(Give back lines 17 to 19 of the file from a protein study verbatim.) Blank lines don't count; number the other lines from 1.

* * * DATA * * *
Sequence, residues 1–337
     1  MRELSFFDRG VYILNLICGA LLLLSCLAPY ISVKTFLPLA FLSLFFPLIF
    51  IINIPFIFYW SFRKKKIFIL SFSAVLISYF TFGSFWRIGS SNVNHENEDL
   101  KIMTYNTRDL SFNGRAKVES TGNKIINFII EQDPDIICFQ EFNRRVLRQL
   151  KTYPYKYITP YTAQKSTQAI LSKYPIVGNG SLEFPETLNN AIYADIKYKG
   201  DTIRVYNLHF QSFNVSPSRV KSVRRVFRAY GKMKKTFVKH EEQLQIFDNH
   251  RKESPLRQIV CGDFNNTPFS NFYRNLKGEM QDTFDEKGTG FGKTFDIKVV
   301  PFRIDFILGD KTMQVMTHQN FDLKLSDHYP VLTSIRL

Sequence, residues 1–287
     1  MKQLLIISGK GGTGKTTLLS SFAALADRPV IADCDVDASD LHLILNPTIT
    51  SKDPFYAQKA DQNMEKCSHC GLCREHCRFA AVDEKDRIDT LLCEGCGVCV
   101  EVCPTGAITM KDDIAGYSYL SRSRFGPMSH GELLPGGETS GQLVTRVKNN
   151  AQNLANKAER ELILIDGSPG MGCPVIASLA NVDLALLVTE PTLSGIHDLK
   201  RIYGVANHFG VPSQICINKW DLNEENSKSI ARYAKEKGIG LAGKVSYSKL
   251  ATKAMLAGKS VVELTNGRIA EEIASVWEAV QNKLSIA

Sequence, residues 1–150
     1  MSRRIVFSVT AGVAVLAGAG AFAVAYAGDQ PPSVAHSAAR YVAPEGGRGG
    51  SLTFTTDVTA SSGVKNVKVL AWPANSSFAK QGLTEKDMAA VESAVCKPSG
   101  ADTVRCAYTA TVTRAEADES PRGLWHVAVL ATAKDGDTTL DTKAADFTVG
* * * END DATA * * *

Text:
     1  MSRRIVFSVT AGVAVLAGAG AFAVAYAGDQ PPSVAHSAAR YVAPEGGRGG
    51  SLTFTTDVTA SSGVKNVKVL AWPANSSFAK QGLTEKDMAA VESAVCKPSG
   101  ADTVRCAYTA TVTRAEADES PRGLWHVAVL ATAKDGDTTL DTKAADFTVG